Sunday, October 10, 2021

What is Pathological demand avoidance?

Pathological demand avoidance (PDA), a term coined in the 1980s by Elizabeth Newson, refers to behavior exhibited by individuals (although the focus of interest is largely children) that is characterized as an extreme resistance to the ordinary demands of everyday life, with a tendency to resort to “socially manipulative” behavior, including outrageous or embarrassing acts.

PDA is considered to be part of the autism spectrum. The distinctive features of a demand avoidant profile include:
*An obsessive resistance to ordinary demands and requests
*Uses social strategies as part of avoidance, for example, distracting, giving excuses
*Be socially manipulative (100% by age of 5)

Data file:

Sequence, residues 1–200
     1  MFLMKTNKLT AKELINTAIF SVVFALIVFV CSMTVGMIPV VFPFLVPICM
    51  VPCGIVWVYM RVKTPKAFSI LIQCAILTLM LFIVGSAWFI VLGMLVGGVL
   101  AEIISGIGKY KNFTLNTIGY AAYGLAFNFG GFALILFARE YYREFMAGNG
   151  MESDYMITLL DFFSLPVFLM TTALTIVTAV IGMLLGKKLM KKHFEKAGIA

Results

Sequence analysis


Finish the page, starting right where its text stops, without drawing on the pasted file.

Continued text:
*Show normal eye contact
*Sudden changes in mood apparently associated with a need to control
*Show social mimicry (including gesture)
*Show role play (more extended and complete than mimicry)
*Appears comfortable in role play and pretending
*Show other types of symbolic play
*Be female (50%)
*Displays obsessive behavior that is often focused on other people

Some people with PDA enjoy making others happy or surprising them by doing things that they know they would like. However, if we ask or remind them to do these things, we take away their ability to demonstrate kindness and consideration for others. This can be very upsetting, particularly for people who experience social difficulties. This can mean they are unable to complete the task.
What is Pathological demand avoidance?

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